Malaria fight focuses on 2 mosquito bacteria
A type of bacteria that occurs naturally in mosquitoes appears to stop the insects from passing Wolbachia bacteria to their offspring. Wolbachia can make the mosquitoes resistant to the malaria parasite.
“Wolbachia infects up to 70 percent of all known insect species, but is notably absent from some groups, including the Anopheles mosquitoes that transmit malaria,” says Jason Rasgon, associate professor of entomology at Penn State.
“One of the big questions is, ‘Why are some insect species infected with Wolbachia while others are not?’ Our research provides a potential answer—maybe competitive interactions with Asaia, or other bacteria present in the insects, determine whether Wolbachia can infect the germline, be transmitted and invade the population, which is a desired outcome if Wolbachia is to be a successful control agent for malaria or other vector-borne pathogens.
“Both Wolbachia and Asaia are independently being evaluated as potential control agents for vector-borne pathogens; our research suggests that maybe these two strategies are not compatible.”
Rasgon says in the insects in which Wolbachia naturally occurs, the bacterium is transmitted vertically from mother to offspring, but over evolutionary time it often has been transmitted horizontally between insect groups.
“No one really knows why some species are infected and why some are not, and no one really knows what governs the successful acquisition of a horizontally acquired Wolbachia infection,” he says.
Insects on antibiotics
To conduct their study, the researchers injected Wolbachia into female Anopheles adults and measured transmission to offspring.
“We found that under normal circumstances, Wolbachia was transmitted very poorly and that Wolbachia-injected mosquitoes died after bloodfeeding,” says Rasgon. “However, when we reared mosquitoes with antibiotics prior to Wolbachia injection, Wolbachia was transmitted much more efficiently and mosquitoes survived after bloodfeeding.”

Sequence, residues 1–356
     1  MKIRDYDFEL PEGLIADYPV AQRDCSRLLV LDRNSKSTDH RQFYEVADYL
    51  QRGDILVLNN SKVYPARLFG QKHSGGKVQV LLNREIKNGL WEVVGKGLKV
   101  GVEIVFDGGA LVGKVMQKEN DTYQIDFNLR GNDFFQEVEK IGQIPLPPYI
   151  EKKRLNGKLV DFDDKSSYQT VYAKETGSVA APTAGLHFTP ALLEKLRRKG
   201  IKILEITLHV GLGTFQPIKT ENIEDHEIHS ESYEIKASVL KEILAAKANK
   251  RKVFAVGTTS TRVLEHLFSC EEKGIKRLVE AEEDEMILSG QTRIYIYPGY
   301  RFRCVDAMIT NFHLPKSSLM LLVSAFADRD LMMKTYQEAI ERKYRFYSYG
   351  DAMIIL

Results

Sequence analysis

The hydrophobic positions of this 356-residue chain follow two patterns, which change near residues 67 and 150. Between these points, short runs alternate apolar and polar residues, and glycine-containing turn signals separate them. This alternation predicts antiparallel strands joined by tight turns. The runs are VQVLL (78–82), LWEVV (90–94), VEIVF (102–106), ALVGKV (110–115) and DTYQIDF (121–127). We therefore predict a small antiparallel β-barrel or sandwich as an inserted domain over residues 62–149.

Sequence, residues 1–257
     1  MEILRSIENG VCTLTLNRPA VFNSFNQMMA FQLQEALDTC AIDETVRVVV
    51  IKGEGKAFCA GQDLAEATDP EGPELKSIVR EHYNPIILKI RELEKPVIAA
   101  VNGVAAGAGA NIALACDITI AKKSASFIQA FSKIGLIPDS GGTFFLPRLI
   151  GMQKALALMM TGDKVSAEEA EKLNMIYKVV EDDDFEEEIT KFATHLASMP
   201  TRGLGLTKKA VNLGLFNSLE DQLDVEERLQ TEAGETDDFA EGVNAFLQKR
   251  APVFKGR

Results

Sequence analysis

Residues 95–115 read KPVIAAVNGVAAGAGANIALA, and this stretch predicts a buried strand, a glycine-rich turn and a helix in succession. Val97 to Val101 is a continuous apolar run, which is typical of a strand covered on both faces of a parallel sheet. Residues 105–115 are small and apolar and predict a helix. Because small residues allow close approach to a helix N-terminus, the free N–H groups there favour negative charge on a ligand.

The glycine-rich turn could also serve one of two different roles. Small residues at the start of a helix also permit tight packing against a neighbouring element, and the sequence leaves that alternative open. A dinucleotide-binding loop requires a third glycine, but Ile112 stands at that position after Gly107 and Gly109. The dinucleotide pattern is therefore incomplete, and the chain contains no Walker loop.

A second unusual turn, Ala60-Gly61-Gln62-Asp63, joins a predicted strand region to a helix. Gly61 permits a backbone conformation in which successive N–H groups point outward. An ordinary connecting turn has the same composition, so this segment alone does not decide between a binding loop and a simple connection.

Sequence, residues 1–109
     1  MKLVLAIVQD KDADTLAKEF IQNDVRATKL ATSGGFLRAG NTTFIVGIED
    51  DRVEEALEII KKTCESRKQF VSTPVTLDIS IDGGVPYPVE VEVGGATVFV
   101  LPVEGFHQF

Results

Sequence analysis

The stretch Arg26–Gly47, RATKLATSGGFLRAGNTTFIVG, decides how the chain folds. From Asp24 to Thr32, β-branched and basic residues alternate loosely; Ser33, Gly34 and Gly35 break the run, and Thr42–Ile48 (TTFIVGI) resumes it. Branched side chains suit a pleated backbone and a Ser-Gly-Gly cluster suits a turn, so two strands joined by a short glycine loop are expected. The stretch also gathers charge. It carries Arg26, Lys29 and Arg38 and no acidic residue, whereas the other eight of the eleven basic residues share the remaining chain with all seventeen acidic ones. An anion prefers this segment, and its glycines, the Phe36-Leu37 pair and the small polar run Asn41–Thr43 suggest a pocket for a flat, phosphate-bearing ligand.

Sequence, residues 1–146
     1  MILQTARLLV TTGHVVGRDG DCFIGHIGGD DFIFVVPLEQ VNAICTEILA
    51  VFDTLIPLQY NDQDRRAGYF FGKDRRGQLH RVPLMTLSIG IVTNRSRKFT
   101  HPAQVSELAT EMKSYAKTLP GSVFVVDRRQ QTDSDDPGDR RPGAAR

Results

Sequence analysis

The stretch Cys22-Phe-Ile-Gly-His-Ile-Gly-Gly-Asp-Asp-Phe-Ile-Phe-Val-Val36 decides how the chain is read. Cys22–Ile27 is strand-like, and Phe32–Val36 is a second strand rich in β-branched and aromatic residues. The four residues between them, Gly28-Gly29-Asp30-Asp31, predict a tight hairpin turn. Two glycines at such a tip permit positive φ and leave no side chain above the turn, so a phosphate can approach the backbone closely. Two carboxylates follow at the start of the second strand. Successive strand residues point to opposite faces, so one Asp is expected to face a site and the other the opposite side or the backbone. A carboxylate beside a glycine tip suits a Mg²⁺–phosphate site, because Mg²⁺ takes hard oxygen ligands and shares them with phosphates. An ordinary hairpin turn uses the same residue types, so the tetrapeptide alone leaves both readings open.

The team then used a DNA sequencing technique to identify all of the bacteria—the “microbiome”—in the antibiotic-treated and control mosquitoes. They found that Asaia was specifically reduced by the antibiotic treatment in two different Anopheles species.
The scientists then generated an antibiotic-resistant Asaia mutant and supplemented this bacterial mutant back to the antibiotic-treated mosquitoes. They found that after they recolonized the antibiotic-treated mosquitoes with Asaia, Wolbachia was no longer transmitted to offspring and mosquitoes died faster after bloodfeeding.
The results appear in the Proceedings of the National Academy of Sciences.
“With Asaia, we have identified the first specific barrier to Wolbachia maternal transmission,” says Rasgon. “We have also shown that Wolbachia can interact with the other members of the mosquito microbiome. Finally, we have a potential hypothesis to explain the decades-old observation of the apparent lack of Wolbachia infection in Anopheles mosquitoes.”
In the future, the team plans to investigate whether the phenomenon of one species of bacteria blocking maternal transmission of other species holds true across a wider range of insect species. The researchers also hope to exploit their new knowledge to more easily establish stable Wolbachia infections in Anopheles and other mosquitoes.
Additional researchers from Penn State, Rice University, and the University of Cambridge collaborated on the project, which was funded by the National Institutes of Health and the Pennsylvania Department of Health.
Source: Penn State
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